The Air Force’s study into possible cancer risks associated with work on intercontinental ballistic missiles will be a comprehensive review—and will not favor the service over evidence, medical officials leading the effort insisted.
“We need our solutions to be driven by science and data,” Col. Tory Woodard, the commander of the U.S. Air Force School of Aerospace Medicine (USAFSAM), told Air & Space Forces Magazine in a recent interview alongside a cadre of other experts.
Long-held concerns of former missileers and other personnel that supported the Air Force’s ICBM mission came to the fore earlier this year after a presentation detailing cases of non-Hodgkin lymphoma, a blood cancer, at Malmstrom Air Force Base, Mont. appeared online. Gen. Thomas A. Bussiere, head of Air Force Global Strike Command, which is in charge of the nation’s ICBM fleet, soon ordered a review of the issue, which led to the Missile Community Cancer Study designed by USAFSAM. The study has two parts: environmental sampling and an epidemiological study, which will take 12-14 months to complete, to assess cancer rates.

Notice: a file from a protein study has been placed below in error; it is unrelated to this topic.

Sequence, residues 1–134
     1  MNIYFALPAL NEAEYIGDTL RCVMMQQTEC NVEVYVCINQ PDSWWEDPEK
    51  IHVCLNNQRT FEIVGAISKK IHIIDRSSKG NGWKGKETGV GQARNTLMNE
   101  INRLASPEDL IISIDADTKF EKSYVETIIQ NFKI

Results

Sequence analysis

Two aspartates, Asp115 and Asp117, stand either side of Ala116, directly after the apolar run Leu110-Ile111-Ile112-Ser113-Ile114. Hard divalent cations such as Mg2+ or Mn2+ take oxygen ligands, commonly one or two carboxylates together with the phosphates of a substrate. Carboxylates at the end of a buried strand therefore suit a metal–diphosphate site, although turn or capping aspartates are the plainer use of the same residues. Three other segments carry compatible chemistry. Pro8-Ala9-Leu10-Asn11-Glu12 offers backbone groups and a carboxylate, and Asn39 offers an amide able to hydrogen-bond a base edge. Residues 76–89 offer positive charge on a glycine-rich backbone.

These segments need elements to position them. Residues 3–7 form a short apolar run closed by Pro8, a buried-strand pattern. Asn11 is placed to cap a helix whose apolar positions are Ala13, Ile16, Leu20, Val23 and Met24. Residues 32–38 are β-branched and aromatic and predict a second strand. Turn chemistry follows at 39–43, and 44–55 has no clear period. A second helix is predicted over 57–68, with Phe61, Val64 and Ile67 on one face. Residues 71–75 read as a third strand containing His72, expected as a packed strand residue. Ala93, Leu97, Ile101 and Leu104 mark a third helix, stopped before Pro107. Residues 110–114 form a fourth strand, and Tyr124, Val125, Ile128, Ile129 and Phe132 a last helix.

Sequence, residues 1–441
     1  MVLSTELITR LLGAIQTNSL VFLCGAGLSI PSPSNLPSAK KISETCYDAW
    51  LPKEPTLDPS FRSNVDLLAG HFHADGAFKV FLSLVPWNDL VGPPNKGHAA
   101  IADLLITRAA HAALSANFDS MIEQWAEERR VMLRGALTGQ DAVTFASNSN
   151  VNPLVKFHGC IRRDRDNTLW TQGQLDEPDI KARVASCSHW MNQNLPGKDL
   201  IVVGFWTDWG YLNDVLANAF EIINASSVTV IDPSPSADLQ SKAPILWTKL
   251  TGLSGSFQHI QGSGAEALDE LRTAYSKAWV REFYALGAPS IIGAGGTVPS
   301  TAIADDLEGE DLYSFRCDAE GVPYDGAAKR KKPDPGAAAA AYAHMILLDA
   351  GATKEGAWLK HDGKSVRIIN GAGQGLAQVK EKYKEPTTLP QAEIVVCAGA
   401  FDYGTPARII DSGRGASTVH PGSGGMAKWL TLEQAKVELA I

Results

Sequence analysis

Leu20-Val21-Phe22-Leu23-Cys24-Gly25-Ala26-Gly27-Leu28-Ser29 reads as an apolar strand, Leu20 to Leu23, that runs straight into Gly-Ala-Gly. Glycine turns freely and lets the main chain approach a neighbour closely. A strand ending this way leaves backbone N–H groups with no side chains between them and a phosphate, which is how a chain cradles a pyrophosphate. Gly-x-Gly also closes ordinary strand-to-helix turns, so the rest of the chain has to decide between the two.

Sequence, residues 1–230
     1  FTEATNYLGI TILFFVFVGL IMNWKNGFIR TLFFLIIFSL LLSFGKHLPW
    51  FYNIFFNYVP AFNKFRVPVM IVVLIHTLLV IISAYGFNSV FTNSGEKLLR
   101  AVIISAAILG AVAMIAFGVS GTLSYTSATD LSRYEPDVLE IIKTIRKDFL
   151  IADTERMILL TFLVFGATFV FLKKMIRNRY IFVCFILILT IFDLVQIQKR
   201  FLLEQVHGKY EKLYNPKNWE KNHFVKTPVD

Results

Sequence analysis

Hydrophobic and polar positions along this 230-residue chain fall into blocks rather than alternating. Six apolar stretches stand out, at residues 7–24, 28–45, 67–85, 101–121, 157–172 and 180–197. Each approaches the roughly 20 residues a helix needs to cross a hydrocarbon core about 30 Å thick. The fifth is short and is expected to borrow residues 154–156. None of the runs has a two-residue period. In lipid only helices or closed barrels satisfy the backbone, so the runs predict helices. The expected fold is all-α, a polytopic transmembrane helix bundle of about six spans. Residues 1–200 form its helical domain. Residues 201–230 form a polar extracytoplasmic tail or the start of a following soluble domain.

“This epidemiologic study that we’re focused on is very complex,” Woodard said. “It has a lot of layers, a lot of different time periods, risk assessment, and things that factor into this.”
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